Gingerbread has changed considerably over the years but even towards the end of the 17th century, the recipes I have looked at for gingerbread hadn’t varied that much. In 1665 Robert May, in The Accomplisht Cook, instructs his readers to mix breadcrumbs with ground almonds and the usual spices and sugar, but with the liquid element being rosewater instead of wine and/or honey. He also says to dry out the gingerbread in the stove. Hannah Woolley, in her Queen-Like Closet of 1672, has a very similar recipe to Gervase Markham, with wine, sugar and spices, but she advises to mould it freehand on the table, dusted beforehand with sugar and spices.

However, in 1747 Hannah Glasse’s The Art of Cookery Made Plain and Easy was published and her gingerbread recipe is quite different:

To Make Gingerbread:

Take three quarts of fine flour, two ounces of beaten ginger, a quarter of an ounce of nutmeg, cloves, and mace beat fine, but most of the last; mix all together, three quarters of a pound of fine sugar, two pound of treacle, set it over the fire, but don’t let it boil; three quarters of a pound of butter melted in the treacle, and some candied lemon and orange peel cut fine, mix all these together well; an hour will bake it in a quick oven.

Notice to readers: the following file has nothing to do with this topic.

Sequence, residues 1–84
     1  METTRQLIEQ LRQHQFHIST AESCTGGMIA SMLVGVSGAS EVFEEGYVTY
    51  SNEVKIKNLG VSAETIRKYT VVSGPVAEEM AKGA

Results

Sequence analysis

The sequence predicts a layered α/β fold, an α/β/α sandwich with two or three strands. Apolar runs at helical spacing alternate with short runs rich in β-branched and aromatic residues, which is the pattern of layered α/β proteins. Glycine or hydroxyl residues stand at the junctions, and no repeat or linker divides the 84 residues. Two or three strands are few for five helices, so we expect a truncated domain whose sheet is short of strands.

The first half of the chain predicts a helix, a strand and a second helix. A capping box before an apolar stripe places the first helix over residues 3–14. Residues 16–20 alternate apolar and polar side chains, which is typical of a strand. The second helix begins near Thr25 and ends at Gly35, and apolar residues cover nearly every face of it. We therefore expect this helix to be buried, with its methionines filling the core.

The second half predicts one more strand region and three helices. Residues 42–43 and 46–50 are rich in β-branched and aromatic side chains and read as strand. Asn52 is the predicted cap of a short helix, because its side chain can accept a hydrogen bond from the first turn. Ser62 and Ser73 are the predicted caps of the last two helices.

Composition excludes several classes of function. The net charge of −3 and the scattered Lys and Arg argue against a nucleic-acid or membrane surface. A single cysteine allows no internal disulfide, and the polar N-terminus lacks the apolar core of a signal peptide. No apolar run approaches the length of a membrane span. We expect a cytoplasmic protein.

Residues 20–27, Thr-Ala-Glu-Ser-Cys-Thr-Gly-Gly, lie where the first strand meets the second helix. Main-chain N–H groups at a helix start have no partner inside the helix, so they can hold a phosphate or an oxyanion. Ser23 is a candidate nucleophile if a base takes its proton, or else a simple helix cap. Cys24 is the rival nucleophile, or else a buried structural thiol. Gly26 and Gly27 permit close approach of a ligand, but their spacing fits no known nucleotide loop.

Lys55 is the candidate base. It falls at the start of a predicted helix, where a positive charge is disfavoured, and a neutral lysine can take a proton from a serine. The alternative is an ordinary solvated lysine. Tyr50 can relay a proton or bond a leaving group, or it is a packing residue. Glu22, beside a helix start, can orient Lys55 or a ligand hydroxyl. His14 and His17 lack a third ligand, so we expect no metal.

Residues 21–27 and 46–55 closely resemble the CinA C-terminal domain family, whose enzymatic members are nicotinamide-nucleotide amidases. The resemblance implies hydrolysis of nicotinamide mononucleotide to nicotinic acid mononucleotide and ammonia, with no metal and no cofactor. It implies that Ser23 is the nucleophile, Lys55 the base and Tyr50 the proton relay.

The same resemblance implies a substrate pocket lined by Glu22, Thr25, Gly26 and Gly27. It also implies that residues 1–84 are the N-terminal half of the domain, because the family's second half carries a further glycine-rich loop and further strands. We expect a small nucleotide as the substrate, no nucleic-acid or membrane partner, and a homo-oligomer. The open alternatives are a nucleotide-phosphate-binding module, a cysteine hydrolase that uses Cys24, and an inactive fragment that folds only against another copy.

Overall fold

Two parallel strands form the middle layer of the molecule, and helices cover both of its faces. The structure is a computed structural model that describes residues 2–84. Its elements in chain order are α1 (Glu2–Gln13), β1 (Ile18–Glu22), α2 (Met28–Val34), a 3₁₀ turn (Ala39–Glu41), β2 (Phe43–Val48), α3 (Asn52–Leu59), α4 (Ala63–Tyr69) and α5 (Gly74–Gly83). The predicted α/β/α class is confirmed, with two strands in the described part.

The wine, pepper and breadcrumbs have all gone and flour has been introduced to create something quite different. I will be trying this version shortly by way of comparison.

As with all aspects of early modern food, there are various ways in which we can investigate different elements of early modern life from a starting point of gingerbread. Whether that is its presence in plays such as Ben Jonson’s Bartholomew Fair, to potential subversive use of gingerbread in a religious context, to the source of the spices that went into the mix (particulary pepper). The Moreton’s of Little Moreton included members of the family who travelled to the East Indies in the 1610s and early 1620s to trade for pepper, bringing back packages to sell and give as gifts but which also no doubt flavoured some of the dishes the Moretons could offer their guests.

Alongside my work and ongoing PhD research, the following shed further light on these connections, together with references for the recipes used here and more gingery context. The presence of gingerbread in Bartholomew Fair was highlighted in a fascinating paper by Taylor Parrish at the Oxford Food Symposium (which took place online) in the summer of 2020. I look forward to the publication of the papers from this symposium in due course:

Avery, V. and Calaresu, M. (eds). Feast and Fast: The Art of Food in Europe 1500-1800. University of Cambridge/Fitzwilliam Museum. Bloomsbury. 2019.

Brears, P. Cooking and Dining in Tudor and Early Stuart England. Prospect Books. 2015.

Day, I. Lady Barbara Fleming’s Gingerbreads. Historic Food website.

Day, I. Block Gingerbread. Food History Jottings website.

Day, I. Gingerbread. In Avery, V. and Calaresu, M. (eds). Feast and Fast: The Art of Food in Europe 1500-1800. University of Cambridge/Fitzwilliam Museum. Bloomsbury. 2019.

Glasse, H. The Art of Cookery Made Plain and Easy. 1747.

Markham, G. The English Housewife. 1615.

May, R. The Accomplisht Cook. 1665.

Wareham, E. Radical Object: Gingerbread. History Workshop Radical Objects online series. 2020.

Woolley, H. The Queen-Like Closet. 1672.